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Sun 2 Oct 2011 01:04 PM

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Where will the winds of recession blow next?

If the financial crash taught us one thing, it's that the GCC is not immune to global shocks

Where will the winds of recession blow next?

Life feels strange these days. A bit directionless. Not quite fear, but uncertainty. A hunch that bad news is coming, but exactly when, where and how, I don’t know.

But I know how to cope, because I have been here before — exactly three years ago. Do you remember that time? It was two weeks after the crash of Lehman Brothers, and the US economy imploded overnight. John McCain (remember him?) suspended his campaign for the US presidency, and flew to Washington to tackle the crisis. Senator Obama, as he was then, came up with the foundations of what was to be his controversial stimulus package. European leaders rushed into emergency meetings as they came to terms with the ensuing sovereign debt crisis that would dominate the next three years.

But here, in the GCC, life went on as normal. “It won’t affect us.”  “Our economy is too strong.” “We have already taken measures to insulate ourselves.” In fact, even as late as December 2008, greedy landlords on the Palm were still collecting over $60,000 a year in rent for a small two bedroom apartment. It was one cheque or no cheque.

We all know what happened next. So three years on, it feels like déjà-vu. At one stage last week, the price of gold slumped by $100 in a single day. Silver saw its biggest single day fall since 1979. The FTSE100 had $117bn wiped off its value, while the International Labour Organisation has just warned that G20 countries could end up losing 40 million jobs by 2012. Even the Eurozone’s last desperate throw of the dice, a $2.6 trillion bailout, was in danger of being derailed by German courts. In the UK, the IMF is predicting just 1.1 percent growth for 2011, compared to its two percent forecast at the start of the year. Four of the G20 countries, Italy, France, South Africa and the USA are now expected to grow at less than one percent this year, while global growth is now set for just four percent in the best-case scenario.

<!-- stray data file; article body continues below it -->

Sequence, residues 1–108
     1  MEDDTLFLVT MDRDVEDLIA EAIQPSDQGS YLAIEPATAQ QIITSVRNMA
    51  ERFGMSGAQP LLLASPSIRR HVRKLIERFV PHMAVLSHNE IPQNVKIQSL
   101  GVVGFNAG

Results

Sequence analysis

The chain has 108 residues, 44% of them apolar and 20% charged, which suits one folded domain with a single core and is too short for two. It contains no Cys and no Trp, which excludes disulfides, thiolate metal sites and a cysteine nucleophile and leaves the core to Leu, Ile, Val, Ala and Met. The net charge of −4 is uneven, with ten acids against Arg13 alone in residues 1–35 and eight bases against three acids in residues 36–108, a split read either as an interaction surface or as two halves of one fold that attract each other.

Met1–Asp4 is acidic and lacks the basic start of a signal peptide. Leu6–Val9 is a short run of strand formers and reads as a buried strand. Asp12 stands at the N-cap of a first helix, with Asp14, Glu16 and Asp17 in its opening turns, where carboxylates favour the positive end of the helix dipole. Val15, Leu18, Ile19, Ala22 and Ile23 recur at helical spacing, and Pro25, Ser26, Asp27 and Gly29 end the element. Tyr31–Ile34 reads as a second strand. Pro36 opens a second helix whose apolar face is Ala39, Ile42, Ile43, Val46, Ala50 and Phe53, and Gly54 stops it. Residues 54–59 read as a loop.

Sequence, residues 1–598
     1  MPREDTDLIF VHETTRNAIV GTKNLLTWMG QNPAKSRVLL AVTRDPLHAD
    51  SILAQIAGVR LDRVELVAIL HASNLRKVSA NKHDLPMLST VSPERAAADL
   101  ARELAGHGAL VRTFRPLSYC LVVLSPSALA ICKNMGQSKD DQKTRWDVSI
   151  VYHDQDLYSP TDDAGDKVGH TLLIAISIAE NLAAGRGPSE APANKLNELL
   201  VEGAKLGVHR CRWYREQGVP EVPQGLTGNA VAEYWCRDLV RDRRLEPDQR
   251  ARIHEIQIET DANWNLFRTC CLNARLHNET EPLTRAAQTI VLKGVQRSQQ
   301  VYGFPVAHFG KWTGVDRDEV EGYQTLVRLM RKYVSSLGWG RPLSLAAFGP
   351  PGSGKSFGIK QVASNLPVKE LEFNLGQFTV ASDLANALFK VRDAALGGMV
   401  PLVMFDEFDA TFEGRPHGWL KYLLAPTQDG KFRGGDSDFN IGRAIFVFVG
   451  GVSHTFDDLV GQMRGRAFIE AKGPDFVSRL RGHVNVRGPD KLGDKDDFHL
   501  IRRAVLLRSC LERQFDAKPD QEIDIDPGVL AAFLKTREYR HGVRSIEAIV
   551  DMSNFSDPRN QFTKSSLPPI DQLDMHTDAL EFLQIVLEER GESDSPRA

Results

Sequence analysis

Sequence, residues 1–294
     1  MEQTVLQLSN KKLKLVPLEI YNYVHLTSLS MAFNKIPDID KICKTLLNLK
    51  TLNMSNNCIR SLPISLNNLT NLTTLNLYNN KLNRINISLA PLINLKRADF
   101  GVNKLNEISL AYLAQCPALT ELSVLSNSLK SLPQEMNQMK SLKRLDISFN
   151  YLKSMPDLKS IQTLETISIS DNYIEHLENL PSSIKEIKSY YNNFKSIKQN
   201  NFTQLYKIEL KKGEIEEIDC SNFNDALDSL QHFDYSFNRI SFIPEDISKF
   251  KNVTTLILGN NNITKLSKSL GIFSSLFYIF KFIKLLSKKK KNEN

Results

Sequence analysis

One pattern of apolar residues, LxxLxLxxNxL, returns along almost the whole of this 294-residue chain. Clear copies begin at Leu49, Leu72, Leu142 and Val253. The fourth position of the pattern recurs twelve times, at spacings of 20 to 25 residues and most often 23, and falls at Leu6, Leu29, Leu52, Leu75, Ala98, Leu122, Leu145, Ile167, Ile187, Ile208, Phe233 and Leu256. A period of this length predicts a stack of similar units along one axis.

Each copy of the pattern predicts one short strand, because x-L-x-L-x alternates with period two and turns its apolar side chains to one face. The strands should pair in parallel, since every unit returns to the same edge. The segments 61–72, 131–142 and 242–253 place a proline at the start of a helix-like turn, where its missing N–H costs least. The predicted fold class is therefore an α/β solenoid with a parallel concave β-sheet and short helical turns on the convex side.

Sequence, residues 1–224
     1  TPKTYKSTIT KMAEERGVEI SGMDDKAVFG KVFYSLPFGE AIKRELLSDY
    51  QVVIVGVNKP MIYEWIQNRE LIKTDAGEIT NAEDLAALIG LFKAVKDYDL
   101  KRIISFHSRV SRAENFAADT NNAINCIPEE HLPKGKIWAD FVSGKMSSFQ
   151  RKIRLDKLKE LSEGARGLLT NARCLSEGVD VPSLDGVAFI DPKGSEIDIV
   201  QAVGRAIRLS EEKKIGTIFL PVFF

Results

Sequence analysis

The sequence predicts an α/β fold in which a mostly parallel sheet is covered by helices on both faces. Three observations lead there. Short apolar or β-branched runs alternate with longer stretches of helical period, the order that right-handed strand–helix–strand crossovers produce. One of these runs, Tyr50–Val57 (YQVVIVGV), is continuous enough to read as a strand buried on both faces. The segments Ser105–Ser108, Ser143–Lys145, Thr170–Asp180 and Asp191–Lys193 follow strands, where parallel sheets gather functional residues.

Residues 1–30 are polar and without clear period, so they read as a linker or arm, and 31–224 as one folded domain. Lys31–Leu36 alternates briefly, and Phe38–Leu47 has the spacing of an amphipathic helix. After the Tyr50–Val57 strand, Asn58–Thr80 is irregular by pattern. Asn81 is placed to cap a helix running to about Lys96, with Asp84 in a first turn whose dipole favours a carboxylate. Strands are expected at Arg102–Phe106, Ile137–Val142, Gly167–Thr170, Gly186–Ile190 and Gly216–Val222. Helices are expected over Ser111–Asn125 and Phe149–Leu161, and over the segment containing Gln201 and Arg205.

Which leads to the obvious question — is the chaos of the West going to head East? Once again, our leaders remain positive. Speaking to Arabian Business this week, the UAE Minister of Economy Sultan Al Mansouri said: “There will be a positive economic growth for this year. My expectation is that the growth will be more than three to 3.5 percent this year.” Sheikh Ahmed is equally positive, even hinting at big orders to come for Emirates Airline at the Dubai Air Show next month. Even Nakheel appears to be back in action, announcing plans for new villas on the Palm Jumeirah.

I admire their optimism, and nobody should doubt or question the leadership of GCC leaders at this crucial time.

But ultimately, whether or not we spiral into another recession, will depend on one thing: the banks. Worryingly, UAE Central Bank data  shows that provisions of UAE lenders against bad loans rose this year to $13.2bn, the highest figure since the end of 2008.

Sultan Al Mansouri told this magazine earlier in the week: “UAE banks have taken the necessary provisions to deal with these issues.” We must hope the banks are telling him the truth.

Give Wael the big prize

I’m delighted to see that Wael Ghonim has been nominated for the Nobel Peace Prize. Personally I think they should just scrap the selection committee and give Ghonim the prize right now.

If anything, the way he has conducted himself since the revolution in Egypt — shunning the celebrity lifestyle (and millions) he could have walked straight into, shows the true stature of the man.

And winning the prize would be a kick in the teeth for author Andrew Keen. I had dinner with Keen a couple of weeks ago, who told me that Ghonim would soon become irrelevant, and at best would simply be a “footnote in history.”

Of course, I respect Keen’s right to an opinion, but I have rarely disagreed more with anyone over the past 45 years. And that’s me being polite.

(Anil Bhoyrul is the Editorial Director of Arabian Business. The opinions expressed are his own.)